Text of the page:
Producer: Ian Watermeier and Nina Anand Aujla Directors: Elan Dassani and Rajeev Dassani Screenplay: Madhuri Shekar Cast: Sarita Choudhury, Sunita Mani, Omar Maskati, Bernard White, Anjali Bjimanti, Rachel Cora Wood, Ramesh Reddy, Lena Clark, Satya Polisetti, Ashish Thapliyal, Natosha Durr, Nupur Charyalu and Asad Durrani Distributor: Amazon Studios
In another movie opening this week, we’re informed that karma can be a bitch. So, it appears from “Evil Eye,” can reincarnation. That’s the lesson taught by the thriller adapted by Madhuri Shekar from her Audible original (which substituted phone calls for the letters employed in old-fashioned epistolary novels) and directed by Indian-American twin brothers Elan and Rajeev Dassani.
In a plot that jumps back and forth between India and the United States, Sarita Choudhury plays Usha, a doting—some would say nagging—mother living with her supportive but skeptical husband Krishnan (Bernard White) in Delhi. She’s in constant touch with her daughter Pallavi (Sunita Mani), who lives in New Orleans; the girl is nearing thirty and remains unmarried, a tragedy in Usha’s view. And she seems unimpressed with the eligible bachelors her mother arranges dates with.
Pallavi tries to be as accommodating as possible—she’ll meet the men and show proper deference regarding the titular medallion her mother gives her for protection—though, being Americanized, she’s clearly irritated by Usha’s intrusiveness. In fact, she’s awaiting the arrival of another of her prearranged dates in a coffee shop when she meets Sandeep (Omar Maskati), a rich, handsome fellow who introduces himself when the expected guys doesn’t show. Before long they’re a couple, with Pallavi even choosing to depend on Sandeep financially so she can give up a thankless job to write the novel she’s been long planning.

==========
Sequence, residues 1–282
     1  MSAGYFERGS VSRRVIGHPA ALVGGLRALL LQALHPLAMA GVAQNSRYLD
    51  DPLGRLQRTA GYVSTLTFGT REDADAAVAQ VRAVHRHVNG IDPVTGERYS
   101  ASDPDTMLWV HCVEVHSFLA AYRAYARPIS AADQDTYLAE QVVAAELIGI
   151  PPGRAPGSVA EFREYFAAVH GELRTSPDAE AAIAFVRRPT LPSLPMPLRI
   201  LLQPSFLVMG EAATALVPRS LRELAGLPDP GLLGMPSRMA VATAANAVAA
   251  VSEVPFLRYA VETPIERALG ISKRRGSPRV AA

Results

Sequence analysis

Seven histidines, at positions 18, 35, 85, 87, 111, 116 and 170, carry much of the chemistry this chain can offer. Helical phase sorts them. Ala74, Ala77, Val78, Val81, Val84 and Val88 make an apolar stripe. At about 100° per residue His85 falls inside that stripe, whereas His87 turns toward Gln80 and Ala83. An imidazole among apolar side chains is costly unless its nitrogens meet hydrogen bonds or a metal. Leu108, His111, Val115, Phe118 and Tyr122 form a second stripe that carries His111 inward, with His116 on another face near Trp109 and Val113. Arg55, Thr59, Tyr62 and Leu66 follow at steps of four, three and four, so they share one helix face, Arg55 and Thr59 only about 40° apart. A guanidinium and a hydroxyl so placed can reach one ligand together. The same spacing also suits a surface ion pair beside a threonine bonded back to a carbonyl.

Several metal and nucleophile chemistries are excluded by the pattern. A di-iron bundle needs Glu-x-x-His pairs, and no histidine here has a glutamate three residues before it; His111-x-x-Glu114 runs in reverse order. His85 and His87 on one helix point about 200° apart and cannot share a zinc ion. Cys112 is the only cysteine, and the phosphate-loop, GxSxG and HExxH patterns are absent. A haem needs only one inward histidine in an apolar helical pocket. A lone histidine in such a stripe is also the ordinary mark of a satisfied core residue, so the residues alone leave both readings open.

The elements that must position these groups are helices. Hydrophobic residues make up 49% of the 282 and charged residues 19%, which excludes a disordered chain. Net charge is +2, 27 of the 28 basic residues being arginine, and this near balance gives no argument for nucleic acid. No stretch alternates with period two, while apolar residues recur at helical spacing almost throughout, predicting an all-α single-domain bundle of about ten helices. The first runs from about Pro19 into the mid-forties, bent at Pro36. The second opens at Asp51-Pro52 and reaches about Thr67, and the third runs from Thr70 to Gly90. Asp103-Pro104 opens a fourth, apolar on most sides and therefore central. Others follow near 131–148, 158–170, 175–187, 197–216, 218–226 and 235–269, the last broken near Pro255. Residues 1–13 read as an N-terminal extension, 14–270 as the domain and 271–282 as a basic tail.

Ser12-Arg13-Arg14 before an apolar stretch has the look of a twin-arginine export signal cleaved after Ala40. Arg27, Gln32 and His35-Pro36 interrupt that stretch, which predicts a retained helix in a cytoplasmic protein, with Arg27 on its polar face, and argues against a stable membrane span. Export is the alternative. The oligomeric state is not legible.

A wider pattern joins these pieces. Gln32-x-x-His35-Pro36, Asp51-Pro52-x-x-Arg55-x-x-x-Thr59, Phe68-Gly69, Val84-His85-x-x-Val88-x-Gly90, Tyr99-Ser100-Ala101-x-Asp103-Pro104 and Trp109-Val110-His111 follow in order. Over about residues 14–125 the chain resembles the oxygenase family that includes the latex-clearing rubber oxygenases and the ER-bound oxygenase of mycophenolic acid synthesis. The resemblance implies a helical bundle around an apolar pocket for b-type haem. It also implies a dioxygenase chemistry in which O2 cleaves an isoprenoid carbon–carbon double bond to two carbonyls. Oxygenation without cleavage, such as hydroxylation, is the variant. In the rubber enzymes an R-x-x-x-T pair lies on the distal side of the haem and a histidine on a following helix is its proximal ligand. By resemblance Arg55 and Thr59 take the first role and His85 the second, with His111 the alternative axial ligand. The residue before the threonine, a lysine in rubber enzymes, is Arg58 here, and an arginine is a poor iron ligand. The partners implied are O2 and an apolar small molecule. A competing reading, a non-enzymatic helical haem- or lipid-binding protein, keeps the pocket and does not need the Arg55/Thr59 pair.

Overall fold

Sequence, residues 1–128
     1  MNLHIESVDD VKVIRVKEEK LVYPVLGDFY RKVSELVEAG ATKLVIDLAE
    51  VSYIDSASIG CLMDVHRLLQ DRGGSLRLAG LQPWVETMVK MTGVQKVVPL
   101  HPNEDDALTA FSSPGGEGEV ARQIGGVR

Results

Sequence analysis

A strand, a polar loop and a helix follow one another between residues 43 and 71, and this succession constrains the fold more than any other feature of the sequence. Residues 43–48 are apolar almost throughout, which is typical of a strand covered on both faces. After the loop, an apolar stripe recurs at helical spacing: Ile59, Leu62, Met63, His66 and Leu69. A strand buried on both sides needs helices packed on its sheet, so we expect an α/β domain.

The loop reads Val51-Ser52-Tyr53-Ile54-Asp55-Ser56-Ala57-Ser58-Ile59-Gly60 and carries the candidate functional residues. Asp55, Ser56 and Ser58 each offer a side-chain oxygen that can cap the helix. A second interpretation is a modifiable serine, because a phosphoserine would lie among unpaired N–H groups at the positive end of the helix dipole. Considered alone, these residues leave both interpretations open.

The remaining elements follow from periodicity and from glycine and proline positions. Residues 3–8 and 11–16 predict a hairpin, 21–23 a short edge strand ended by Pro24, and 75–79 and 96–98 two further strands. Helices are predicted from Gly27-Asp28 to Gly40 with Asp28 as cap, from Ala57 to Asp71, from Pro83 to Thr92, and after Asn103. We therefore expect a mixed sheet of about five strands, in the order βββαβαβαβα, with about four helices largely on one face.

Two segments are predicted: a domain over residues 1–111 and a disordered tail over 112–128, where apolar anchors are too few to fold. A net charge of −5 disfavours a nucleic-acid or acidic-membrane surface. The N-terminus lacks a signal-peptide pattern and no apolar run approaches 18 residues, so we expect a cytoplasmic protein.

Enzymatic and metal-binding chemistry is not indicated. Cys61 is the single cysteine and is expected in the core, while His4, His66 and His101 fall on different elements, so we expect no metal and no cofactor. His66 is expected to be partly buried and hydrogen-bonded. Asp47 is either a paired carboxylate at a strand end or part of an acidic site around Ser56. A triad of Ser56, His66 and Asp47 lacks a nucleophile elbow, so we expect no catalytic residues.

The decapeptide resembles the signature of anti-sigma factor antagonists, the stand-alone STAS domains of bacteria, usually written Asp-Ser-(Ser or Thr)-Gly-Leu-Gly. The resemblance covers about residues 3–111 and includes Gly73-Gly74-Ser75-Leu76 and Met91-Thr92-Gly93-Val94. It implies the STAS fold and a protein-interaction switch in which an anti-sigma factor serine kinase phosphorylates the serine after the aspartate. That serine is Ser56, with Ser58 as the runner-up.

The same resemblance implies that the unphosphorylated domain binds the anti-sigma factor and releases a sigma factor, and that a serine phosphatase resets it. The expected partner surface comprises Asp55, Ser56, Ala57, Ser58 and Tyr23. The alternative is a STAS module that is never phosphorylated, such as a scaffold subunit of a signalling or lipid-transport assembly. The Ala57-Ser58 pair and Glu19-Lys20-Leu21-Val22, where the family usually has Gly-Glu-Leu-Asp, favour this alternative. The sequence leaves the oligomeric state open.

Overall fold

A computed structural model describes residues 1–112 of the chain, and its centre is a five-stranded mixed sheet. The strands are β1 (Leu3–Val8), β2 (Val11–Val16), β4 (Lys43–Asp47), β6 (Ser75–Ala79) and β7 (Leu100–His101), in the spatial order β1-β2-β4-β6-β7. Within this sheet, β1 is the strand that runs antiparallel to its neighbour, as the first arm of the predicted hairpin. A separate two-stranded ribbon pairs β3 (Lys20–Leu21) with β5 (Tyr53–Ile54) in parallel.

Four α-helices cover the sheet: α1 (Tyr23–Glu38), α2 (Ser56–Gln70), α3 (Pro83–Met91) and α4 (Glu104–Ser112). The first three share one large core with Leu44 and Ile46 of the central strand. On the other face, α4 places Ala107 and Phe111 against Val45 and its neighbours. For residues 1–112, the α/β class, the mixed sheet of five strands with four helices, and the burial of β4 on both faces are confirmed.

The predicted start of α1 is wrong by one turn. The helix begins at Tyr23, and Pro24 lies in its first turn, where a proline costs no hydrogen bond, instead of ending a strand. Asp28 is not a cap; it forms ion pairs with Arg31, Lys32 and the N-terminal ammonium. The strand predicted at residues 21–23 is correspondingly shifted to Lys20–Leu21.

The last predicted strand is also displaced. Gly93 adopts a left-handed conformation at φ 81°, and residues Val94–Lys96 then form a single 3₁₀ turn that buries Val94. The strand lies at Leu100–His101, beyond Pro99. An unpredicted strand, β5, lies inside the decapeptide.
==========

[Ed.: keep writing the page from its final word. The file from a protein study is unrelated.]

One might expect Usha to be overjoyed, but she’s not. She’s unnerved by Sandeep, especially after doing traditional astrological scrutiny of his compatibility with Pallavi. She comes to suspect that this ostensibly perfect guy is the reincarnation of an abusive old lover who stalked her after they broke up, with fatal results. After all, a person can’t be reincarnated unless they die—and we’re show what happened in a succession of impressionistic flashbacks.
“Evil Evil” has its effective moments—the first time upset Usha and unctuous Sandeep talk on the phone has a nicely creepy vibe, and the relationship between Usha and the often exasperated Krishnan is niftily sketched. The cultural elements also add a degree of the exotic to the mix, evident in the Delhi scenes fashioned by production designer Ryan Martin-Dwyer and cinematographer Yaron Levy. (The Louisiana sequences, on the other hand, are visually bland.)
Otherwise things do not go so well. Apart from Choudhury and White, the acting is at best pedestrian. Mani can’t invigorate a character who’s basically ready to be manipulated, and Maskati’s attempts to be sinister never develop a truly dangerous tone. A climactic confrontation set in New Orleans, where Usha has come for a face-to-face visit, is clumsily handled, with the Dassanis’ direction sloppy and Kristina Hamilton-Grobler’s editing lacking the precision the sequence calls for. A supposedly chilling coda doesn’t make the skin crawl, either. Ronit Kirchman’s score, on the other hand, does add atmosphere.
In the end “Evil Eye” is a thriller with an intriguing premise undermined by flawed execution. It might have been better to let it remain in audio format.